Frank Auerbach (British, b. 1931)
The subject of this melancholy artwork is depicted in three-quarter view – it’s a man’s head leaning forwards and downwards. The monotone image is essentially grim, and leaves one with the fleeting impression of a person walking past the viewer in a dark corridor. The austere quality of the image is underlined by the basic and earthy nature of the medium, which is charcoal on paper. A sense of movement is conferred by the ‘unpolished’ finish of the charcoal, particularly on the skin of the man’s face and forehead, which one would naturally expect to be smoother human skin in a veristic image. The background, at once an opaque mass and yet upon a second glance, a dark abyss with implied depth, is highly oppressive and seems to wrap around the figure like a vacuum packed plastic package. The man’s clothes are barely visible, yet a black shirt is implied to be the vetement enveloping the upper body, judging by the collar area. So with this new information, a more natural scene might in fact be a man sitting on the edge of his bed in a dark room. The man’s face is stoic rather than overwrought with emotion. It would seem more likely that this is an image of a personage, at night-time, who is unable to sleep, as his facial expression is alert, rather than groggy. The extreme widow’s peak, leading to an emphasis on the forehead region, may represent a physically large brain, which symbolically in turn might represent unending thoughts in the mind of the figure, which may be keeping him up.
Depiction of individuals unable to sleep is a staple of the arts since antiquity. The central character Strepsiades in Aristophanes’ play, Clouds (Νεφέλαι) of 423 BC is a father hardly able to sleep at night due to debt he has accrued as a result of his son’s profligate habits. Strepsiades is described as wearing the expression of tired resignation, which potentially corresponds well to the figure’s face here in the drawing, if only a stronger light source illuminated the face of the sitter. Elsewhere in the world of the 5th century BC, Buddha supposedly stayed awake all night meditating before realising the last of his enlightenment in the morning. The last hour of his meditation before attaining Nirvana consisted of open-eye meditation in which Maya (the personification of worldly pleasure and delusion) taunted him. Buddha’s facial expression was surely similar to the figure bathed in shadow in the image – somewhat vacant though unbending all the same. Representations of the moments leading up to Buddha’s enlightenment in Asian art, tend, at least since around 1000 AD, to represent Buddha with a slight smile, rather than a stony expression, as is described in the earliest surviving Buddhist texts. In that sense, Auerbach’s image is arguably closer to a Buddha on the verge of enlightenment than are typical eastern representations of that scene.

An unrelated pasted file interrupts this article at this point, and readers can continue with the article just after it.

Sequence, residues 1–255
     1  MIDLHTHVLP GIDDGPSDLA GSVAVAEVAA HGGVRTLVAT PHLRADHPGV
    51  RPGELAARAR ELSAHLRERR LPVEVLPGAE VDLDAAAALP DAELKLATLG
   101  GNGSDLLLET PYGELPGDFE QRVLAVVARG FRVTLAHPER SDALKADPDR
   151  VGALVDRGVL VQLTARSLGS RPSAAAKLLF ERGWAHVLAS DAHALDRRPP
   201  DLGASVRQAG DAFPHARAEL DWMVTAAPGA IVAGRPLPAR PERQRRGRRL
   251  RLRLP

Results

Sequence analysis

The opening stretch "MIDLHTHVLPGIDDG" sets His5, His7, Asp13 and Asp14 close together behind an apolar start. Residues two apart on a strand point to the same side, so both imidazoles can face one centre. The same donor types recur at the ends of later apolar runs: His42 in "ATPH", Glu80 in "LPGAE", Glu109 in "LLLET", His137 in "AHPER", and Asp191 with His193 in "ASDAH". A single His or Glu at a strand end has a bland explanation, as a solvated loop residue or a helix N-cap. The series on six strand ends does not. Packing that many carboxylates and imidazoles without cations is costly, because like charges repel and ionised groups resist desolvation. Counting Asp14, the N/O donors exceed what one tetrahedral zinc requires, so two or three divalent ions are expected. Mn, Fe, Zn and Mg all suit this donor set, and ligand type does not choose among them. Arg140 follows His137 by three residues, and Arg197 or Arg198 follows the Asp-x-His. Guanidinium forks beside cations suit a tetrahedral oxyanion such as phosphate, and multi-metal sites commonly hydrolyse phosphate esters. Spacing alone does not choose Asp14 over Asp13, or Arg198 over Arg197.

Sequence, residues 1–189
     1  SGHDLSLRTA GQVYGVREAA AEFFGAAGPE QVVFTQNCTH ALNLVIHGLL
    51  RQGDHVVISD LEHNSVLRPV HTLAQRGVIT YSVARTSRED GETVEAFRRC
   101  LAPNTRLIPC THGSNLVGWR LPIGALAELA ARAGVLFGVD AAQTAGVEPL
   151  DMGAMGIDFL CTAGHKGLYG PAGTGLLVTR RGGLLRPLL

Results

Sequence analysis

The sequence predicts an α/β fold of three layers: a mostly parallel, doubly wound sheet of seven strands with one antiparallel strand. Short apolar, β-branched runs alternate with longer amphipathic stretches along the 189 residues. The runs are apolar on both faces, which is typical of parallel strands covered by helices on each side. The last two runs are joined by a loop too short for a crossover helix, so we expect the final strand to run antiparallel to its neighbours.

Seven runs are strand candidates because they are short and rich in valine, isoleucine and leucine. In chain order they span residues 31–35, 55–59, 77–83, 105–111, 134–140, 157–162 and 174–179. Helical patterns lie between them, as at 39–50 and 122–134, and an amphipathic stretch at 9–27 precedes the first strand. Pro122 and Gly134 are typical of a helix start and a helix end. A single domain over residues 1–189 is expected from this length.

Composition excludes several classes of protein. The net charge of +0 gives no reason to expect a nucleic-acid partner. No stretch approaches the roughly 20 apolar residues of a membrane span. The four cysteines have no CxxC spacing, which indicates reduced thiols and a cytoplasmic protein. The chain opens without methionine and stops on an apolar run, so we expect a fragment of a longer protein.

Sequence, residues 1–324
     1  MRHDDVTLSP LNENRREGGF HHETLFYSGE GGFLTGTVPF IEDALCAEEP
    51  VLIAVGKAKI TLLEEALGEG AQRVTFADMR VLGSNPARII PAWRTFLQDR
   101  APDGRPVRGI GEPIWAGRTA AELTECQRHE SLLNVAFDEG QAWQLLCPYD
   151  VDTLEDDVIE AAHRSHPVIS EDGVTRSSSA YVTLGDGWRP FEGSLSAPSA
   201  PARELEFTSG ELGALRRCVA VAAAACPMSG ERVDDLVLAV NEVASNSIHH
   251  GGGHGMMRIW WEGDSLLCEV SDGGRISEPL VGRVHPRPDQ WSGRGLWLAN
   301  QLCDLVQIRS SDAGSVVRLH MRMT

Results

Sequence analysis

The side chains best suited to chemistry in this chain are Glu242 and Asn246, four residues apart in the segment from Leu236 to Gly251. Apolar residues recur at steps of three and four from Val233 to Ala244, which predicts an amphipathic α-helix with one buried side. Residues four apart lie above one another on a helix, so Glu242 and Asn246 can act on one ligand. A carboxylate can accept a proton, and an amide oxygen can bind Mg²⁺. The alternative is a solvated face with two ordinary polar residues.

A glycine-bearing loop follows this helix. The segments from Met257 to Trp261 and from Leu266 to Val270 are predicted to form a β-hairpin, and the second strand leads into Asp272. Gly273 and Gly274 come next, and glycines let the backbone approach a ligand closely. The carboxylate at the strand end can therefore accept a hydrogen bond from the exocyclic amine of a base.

Charcoal on paper is an atypical medium for Auerbach, who is best known for his oil and canvas paintings utilising absurdly thick impasto. Precise lines are therefore typically difficult to define in his pictures, with this charcoal drawing a relatively rare exception. In and of itself, though a figurative image, it is challenging to make out precise detail, though when the charcoal on paper Head is considered in comparison to Auerbach’s oil works, its areas of precision drawing are more easily recognised. The line of the jaw and the simplification of the left ear are the hallmarks of a quality draughtsman. Although only one half of the head is bathed in light, the outline is still strong and comprises one unit.
The figure in the picture is Leon Kossoff, a contemporary of Frank Auerbach’s. There is a series of portrait works based on the motif of Kossoff’s head that Auerbach created, but I feel personally that the charcoal on paper Head captures with the most visual clarity the likeness of Leon Kossoff, whilst not skimping on the advantages an artistic composition confers as opposed to a photograph.